Read this article on the pre-writing method called freewriting, and watch the linked video. Have you ever suffered from writer's block? Do you think freewriting would be a helpful technique to combat writer's block? Why or why not?
Use Freewriting to avoid Writer's Block, Stimulate Your Thinking on a Subject, and Find Your Voice
Freewriting involves writing without stopping. Your goal is to write whatever ideas occur to you, using a pen or pencil and paper or using a computer with the monitor turned off. When freewriting, your focus is to generate ideas as opposed to writing grammatically correct sentences. Get your thoughts down as fully and quickly as you can without critiquing them.
Freewrite to Avoid Writer's Block
Freewriting is a powerful way to blast through writing blocks. Rather than staring at a blank page, wondering what you have to say about a topic, you can write about the topic, exploring what you know, what you need to research, and what you need to accomplish to finalize the document.
In Writing Without Teachers (Oxford University Press, 1973), Peter Elbow argues that freewriting is "a way to produce bits of writing that are genuinely better than usual: less random, more coherent, more highly organized". Elbow believes that freewriting, when used routinely, helps writers to find their voice, a voice that is smoother than a voice "damped out by all the interruptions, changes, and hesitations".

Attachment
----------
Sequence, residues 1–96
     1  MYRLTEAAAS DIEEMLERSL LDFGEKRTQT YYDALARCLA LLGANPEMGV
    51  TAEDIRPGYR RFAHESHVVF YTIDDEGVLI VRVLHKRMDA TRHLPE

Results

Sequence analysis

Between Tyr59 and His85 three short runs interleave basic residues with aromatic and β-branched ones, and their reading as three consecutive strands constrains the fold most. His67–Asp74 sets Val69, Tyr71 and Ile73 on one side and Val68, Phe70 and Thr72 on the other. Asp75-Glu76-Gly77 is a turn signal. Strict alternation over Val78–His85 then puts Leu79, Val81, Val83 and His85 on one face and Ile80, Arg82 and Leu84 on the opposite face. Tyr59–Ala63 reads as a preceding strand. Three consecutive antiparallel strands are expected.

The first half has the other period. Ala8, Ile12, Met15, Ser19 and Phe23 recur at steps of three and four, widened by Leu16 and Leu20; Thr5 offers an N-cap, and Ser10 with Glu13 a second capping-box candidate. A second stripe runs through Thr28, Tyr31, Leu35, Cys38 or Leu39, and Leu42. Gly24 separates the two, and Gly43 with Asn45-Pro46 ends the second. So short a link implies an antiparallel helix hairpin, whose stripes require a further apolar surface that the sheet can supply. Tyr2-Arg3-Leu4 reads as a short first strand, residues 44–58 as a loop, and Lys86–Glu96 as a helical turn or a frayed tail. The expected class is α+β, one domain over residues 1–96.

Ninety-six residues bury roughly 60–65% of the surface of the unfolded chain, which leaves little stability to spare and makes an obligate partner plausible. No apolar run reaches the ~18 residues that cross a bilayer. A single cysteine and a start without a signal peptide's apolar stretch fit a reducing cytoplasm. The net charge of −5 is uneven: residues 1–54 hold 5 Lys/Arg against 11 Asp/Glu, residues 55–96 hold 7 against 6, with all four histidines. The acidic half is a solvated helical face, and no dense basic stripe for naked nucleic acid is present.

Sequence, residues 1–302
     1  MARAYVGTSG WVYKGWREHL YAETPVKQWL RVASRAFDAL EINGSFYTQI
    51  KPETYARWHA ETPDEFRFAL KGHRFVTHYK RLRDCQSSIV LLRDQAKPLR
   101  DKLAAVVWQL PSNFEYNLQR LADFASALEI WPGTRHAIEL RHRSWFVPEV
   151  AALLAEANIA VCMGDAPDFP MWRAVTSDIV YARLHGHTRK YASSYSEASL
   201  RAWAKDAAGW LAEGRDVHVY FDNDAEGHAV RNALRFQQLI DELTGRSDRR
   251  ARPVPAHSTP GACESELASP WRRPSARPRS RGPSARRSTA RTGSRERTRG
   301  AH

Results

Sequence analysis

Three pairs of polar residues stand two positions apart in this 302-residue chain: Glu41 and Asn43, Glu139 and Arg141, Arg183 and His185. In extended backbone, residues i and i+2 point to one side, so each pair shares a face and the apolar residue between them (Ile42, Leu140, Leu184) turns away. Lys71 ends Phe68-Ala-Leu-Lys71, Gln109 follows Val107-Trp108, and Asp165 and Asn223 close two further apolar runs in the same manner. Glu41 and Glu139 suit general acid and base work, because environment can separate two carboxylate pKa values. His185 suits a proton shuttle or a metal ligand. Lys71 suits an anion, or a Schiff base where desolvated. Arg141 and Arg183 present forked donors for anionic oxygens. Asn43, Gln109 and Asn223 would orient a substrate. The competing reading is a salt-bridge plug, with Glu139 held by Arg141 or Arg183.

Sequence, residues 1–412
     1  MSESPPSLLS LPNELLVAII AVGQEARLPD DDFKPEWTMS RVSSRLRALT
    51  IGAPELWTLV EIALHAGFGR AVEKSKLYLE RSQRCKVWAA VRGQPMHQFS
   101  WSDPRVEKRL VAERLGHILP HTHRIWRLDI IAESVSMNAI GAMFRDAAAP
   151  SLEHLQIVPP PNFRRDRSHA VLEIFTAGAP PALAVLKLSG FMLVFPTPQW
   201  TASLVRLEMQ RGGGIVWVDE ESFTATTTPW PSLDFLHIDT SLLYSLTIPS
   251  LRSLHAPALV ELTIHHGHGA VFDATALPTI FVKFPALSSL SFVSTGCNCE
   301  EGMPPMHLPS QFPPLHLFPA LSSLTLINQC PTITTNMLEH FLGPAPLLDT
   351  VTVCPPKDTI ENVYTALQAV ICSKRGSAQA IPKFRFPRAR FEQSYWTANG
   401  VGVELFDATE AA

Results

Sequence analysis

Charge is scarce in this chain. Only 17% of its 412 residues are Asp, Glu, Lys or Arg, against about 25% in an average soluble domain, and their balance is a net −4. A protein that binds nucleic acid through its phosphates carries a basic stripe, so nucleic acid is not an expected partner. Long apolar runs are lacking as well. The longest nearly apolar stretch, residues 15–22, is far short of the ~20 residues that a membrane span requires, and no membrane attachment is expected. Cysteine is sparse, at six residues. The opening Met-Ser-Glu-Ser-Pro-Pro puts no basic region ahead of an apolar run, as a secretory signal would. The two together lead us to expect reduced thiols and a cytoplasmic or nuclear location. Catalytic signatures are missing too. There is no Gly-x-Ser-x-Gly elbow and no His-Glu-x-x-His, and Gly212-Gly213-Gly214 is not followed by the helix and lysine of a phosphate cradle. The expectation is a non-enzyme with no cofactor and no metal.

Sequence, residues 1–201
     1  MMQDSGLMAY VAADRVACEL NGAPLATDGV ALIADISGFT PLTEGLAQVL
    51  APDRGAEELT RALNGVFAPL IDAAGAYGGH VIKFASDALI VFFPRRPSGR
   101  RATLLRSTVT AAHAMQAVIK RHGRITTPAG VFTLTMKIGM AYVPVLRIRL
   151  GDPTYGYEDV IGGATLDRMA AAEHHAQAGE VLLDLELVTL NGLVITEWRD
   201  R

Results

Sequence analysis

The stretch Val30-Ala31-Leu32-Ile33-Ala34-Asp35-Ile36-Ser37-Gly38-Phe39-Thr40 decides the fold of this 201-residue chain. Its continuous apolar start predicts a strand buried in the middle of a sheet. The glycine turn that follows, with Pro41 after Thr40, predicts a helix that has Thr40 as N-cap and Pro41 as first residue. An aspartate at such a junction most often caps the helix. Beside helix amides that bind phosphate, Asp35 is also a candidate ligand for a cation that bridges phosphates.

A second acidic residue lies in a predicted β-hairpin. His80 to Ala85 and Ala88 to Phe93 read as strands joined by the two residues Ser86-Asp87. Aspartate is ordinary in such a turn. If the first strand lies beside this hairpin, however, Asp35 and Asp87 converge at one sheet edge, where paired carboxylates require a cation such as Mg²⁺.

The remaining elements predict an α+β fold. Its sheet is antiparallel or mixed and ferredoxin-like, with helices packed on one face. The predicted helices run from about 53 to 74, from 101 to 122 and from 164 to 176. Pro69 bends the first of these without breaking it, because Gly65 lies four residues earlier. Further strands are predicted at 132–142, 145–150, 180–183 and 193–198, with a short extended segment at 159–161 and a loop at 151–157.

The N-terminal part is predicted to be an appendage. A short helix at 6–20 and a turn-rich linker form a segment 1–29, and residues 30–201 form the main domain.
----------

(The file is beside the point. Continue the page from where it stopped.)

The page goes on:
Different Ways to Use Freewriting
- Use freewriting to warm up; to identify everything you need to know about a topic.
- Use freewriting to overcome writer's block.
- Use freewriting to find your voice.
Source: Joe Moxley, https://writingcommons.org/freewrite
This work is licensed under a Creative Commons Attribution-NonCommercial-NoDerivatives 3.0 License.